The Social Impact Partnerships to Pay for Results Act (SIPPRA)A Federal Opportunity to Pay for Proven Outcomes
Last year a bipartisan congressional effort resulted in a new $100 million fund available to states and local governments seeking funding for exceptional social service programs. The Social Impact Partnerships to Pay for Results Act (SIPPRA) gives governments a new opportunity to take advantage of federal funding to pay for proven outcomes.
Third Sector CEO Caroline Whistler spoke at the Workforce Frontiers Symposium in San Diego about our work with the San Diego Workforce Partnership and how result driven pay-for-performance approaches can actually improve people’s lives.
Caroline talks about the need to embrace accountability but develop flexible and innovative approaches to human-centered on-the-ground funding. She demonstrates that a different way of funding the system is possible and aligning resources with measurable results will effectively help communities in need. Watch her full speech below.
Coaching has become an increasingly popular method of intervention and has proven effective in a variety of settings. Economic Mobility Pathways (“EMPath”), for example, has codified a mentorship model that uses holistic goal-setting and individualized coaching to support people’s journeys out of the cycle of poverty. I first encountered the EMPath model during Third Sector’s work with the Department of Transitional Assistance on the Young Parents Program. There, we used EMPath’s Bridge to Self-Sufficiency (the “Bridge”) as a way to define and measure progress in a more nuanced way than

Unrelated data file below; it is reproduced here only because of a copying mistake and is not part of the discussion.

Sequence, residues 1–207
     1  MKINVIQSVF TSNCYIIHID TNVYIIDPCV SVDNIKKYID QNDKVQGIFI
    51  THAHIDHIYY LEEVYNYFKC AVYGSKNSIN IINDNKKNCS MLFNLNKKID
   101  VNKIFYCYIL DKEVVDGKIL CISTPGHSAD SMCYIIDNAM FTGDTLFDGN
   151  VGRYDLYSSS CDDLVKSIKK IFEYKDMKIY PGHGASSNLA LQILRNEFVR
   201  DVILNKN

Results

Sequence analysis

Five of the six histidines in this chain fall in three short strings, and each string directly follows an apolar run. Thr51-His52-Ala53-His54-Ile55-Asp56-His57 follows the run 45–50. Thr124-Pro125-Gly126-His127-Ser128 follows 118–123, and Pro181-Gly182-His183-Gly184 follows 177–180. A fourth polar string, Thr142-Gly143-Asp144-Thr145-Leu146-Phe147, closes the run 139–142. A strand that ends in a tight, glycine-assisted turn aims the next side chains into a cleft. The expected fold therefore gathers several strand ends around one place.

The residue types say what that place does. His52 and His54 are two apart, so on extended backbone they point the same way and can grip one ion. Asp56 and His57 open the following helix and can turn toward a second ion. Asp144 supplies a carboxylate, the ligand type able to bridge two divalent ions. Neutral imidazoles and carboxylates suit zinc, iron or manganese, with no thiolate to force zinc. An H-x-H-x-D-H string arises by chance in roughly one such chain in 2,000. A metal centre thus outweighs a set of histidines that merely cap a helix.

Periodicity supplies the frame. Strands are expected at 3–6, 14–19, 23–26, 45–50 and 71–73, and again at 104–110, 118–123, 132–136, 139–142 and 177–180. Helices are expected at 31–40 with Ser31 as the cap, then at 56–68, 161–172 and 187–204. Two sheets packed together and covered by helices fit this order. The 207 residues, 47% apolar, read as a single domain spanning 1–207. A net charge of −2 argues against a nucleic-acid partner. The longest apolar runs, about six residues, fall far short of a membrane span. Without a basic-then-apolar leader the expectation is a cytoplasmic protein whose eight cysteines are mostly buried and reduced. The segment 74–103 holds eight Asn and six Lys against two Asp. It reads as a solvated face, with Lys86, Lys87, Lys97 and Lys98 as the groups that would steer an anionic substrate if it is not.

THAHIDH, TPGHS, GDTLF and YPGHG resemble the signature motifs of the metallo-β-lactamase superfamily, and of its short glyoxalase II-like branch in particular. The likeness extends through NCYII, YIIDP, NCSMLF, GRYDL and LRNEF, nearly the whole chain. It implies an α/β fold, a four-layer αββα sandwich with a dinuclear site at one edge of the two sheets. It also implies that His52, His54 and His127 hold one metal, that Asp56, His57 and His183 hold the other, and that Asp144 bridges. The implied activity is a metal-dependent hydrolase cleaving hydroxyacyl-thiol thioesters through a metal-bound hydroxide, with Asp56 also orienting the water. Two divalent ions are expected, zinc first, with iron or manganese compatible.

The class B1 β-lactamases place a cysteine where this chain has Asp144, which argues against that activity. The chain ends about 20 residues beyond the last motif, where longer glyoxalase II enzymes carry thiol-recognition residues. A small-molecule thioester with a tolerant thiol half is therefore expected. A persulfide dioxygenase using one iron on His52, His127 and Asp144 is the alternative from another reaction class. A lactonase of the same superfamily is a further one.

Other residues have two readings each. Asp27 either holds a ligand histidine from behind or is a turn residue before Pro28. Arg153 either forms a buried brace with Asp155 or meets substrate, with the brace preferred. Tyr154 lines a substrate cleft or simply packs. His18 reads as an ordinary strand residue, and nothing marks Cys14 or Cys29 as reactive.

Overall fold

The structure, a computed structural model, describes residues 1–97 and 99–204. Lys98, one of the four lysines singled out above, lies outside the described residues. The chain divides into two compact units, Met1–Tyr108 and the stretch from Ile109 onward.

This post originally appeared on Nonprofit Finance Fund’s Blog and is co-authored by Deirdre Flynn, Associate Director, Pay for Success Program.
The Pay for Success (PFS) field has gone through astonishing changes in the years since the first contracts launched in the US. Those early projects (Rikers Island, Massachusetts Juvenile Justice, New York CEO, Cuyahoga) all only wavered from the original concept in minor ways. In brief, those projects all had payment based on a Randomized Control Trial (RCT) evaluation with the vast majority of success payments linked to the formal population-level
Signed into law this summer, the Strengthening Career and Technical Education for the 21st Century Act – also known as Perkins V – includes a number of provisions that promote innovation, modernization and the alignment of workforce skills with labor-market needs (see our full summary here). Notably, the legislation also includes the first-ever federal authorization of Career and Technical Education (CTE) funding for Pay for Success.
This change unlocks the potential to accelerate gains in economic mobility for millions of Americans. Every year, $1.1 billion in CTE funding flows from the